Thursday, February 14, 2013

Chicago's St. Valentine's Day Massacre

Al Capone did not send Bugs Moran candy on Valentine's Day 1929. Instead, he sent hit-men to kill him. They missed Bugs, but massacred seven of his buddies.

It happened at the garage that used to stand at 2122 N Clark St. Bugs' guys arrived thinking they'd buy bootleg booze, but it was a set up. Capone's gang entered dressed as cops, lined the men up against a wall, and sprayed them with more than 100 bullets. Lucky for Bugs, he'd already left.

Developers tore down the garage in 1967. Before the wrecking ball swung, Canadian George Patey bought all the bricks. He displayed them in a nightclub and eventually sold a few as souvenirs. In December 08, after Patey's death, his family put the rest of the blocks for sale on eBay.

Today a fenced lawn and trees mark the massacre site, at which passing dogs bark and howl and strain their leashes in the opposite direction.

Friday, February 8, 2013

Chicago's Coolest Quarter for Record Shops

If the High Fidelity crew were scouting for a Championship Vinyl today, they'd totally head to Logan Square. Get in the Grammy mood (awards are Feb. 10) by trawling the bins at:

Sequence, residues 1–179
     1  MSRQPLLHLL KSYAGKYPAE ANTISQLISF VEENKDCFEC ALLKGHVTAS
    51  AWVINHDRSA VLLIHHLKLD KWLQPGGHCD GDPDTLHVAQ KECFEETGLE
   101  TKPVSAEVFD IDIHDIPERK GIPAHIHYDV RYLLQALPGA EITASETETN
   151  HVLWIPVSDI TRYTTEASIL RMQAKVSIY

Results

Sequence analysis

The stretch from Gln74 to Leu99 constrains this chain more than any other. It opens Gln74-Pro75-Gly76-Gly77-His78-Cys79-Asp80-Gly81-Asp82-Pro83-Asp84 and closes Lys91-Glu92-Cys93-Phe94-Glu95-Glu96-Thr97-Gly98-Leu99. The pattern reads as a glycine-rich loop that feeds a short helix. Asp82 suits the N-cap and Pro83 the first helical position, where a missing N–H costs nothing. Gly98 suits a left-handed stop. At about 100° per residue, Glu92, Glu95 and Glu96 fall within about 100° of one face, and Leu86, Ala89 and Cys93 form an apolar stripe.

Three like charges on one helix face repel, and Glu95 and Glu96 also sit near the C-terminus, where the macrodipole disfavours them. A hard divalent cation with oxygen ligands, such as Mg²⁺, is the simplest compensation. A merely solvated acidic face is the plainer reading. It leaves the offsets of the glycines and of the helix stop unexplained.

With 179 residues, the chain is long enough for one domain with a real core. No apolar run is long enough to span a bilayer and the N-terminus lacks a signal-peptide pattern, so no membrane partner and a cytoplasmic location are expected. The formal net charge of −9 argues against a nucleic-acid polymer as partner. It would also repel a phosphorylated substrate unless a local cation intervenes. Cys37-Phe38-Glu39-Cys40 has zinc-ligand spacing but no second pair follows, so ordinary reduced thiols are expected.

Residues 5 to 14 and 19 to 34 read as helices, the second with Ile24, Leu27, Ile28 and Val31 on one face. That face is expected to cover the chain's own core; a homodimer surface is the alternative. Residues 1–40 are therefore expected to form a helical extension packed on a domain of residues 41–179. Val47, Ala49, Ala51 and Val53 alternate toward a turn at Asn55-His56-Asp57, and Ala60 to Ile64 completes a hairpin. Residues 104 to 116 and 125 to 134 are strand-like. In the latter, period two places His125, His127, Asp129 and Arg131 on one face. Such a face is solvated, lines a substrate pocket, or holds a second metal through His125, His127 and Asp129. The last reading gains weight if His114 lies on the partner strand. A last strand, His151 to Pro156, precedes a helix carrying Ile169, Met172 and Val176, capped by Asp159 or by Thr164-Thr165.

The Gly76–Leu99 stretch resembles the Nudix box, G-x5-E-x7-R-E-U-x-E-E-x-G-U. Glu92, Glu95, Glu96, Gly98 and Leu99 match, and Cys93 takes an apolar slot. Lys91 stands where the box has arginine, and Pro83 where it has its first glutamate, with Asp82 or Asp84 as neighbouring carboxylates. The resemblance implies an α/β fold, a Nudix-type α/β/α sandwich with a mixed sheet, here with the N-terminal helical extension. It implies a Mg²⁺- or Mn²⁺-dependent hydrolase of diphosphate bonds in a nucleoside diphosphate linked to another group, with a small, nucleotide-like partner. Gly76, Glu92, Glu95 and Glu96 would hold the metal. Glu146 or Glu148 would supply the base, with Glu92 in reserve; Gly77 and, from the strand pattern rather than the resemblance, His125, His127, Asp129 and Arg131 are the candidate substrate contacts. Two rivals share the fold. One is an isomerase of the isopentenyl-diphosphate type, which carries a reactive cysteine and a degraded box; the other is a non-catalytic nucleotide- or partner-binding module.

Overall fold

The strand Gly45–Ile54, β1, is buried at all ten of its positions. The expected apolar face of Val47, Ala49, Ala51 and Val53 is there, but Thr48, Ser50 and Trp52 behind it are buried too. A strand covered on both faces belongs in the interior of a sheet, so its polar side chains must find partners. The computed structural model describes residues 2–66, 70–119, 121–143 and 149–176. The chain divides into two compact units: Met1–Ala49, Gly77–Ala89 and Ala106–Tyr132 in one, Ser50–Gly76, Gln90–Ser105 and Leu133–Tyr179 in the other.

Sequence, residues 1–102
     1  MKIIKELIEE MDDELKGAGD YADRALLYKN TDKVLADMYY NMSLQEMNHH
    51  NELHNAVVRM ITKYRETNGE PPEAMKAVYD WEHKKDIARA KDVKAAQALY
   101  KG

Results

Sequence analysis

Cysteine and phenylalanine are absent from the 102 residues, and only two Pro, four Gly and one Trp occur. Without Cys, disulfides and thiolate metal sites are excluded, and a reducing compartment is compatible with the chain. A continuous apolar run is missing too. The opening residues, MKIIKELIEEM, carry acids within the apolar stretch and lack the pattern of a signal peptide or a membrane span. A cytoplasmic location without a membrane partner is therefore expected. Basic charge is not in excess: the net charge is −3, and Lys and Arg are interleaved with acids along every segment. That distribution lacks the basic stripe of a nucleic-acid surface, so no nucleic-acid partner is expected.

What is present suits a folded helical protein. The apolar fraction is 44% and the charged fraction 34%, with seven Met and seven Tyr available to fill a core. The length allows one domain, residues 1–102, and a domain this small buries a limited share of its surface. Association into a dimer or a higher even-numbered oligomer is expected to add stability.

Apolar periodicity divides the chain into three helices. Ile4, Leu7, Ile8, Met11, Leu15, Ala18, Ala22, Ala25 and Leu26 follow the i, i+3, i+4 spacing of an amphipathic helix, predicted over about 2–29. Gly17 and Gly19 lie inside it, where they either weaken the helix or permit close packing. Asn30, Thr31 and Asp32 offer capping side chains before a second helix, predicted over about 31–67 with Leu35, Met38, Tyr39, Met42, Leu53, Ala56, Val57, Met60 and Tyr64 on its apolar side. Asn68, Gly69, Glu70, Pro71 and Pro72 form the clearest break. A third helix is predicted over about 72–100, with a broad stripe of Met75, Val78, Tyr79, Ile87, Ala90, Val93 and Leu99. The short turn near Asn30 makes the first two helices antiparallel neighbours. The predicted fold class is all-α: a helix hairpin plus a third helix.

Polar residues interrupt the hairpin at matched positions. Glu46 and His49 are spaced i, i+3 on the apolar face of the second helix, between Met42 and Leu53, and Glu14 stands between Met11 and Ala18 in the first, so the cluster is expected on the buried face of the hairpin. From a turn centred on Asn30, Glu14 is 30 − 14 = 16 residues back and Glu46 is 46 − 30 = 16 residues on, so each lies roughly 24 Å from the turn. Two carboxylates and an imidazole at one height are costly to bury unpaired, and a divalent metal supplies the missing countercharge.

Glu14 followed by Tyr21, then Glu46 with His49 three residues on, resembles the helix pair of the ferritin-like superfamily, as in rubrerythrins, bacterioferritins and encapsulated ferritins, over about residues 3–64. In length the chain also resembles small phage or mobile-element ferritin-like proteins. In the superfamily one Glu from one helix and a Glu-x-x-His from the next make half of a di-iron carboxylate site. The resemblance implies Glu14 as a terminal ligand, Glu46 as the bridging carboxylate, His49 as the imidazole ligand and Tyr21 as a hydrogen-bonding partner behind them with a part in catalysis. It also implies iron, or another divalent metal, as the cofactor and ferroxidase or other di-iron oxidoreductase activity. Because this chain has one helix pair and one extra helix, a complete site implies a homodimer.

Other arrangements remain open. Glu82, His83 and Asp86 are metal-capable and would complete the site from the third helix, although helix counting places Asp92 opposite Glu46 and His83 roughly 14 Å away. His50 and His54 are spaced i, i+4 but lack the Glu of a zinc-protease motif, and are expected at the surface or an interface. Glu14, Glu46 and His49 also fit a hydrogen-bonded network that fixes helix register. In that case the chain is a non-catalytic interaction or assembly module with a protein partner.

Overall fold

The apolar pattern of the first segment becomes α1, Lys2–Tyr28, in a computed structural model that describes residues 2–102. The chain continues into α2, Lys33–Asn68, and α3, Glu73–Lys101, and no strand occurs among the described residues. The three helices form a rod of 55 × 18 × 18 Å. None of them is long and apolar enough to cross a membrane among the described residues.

* saki - Forgive the lower-case. Focus instead on the intimate, in-store concerts by indie groups like Brokeback. They're free, as is accompanying food and drink by Goose Island Brewing, Bang Bang Pie Shop and other locals. The shop sells arty posters, zines and books alongside the CDs and vinyl. Plus, by god, saki accepts gift certificates from other retailers. So you can trade your lame Staples gift card for that new Panda Riot album.

* Logan Hardware - It's hard to resist a shop where flicking through a bin of "Non-Religious Gospel" is followed by a knockdown game of Donkey Kong. Rock, oddball and Chicago band LPs fill the crates, but the bonus here is the attached vintage arcade museum. Relive your '80s on the free Pac Man, Tron and pinball.

* Bucket O’ Blood Books and Records - Punk and metal vinyl comprise the "records" half of this wee niche shop, while sci-fi and horror paperbacks make up the "books." Owner Marc Ruvolo, who also runs the punk label Johann's Face, curates the wares and distills his bizarro favorites into the aptly named Awesome section.

Hell, you might even find some Sonic Death Monkey in the 'hood.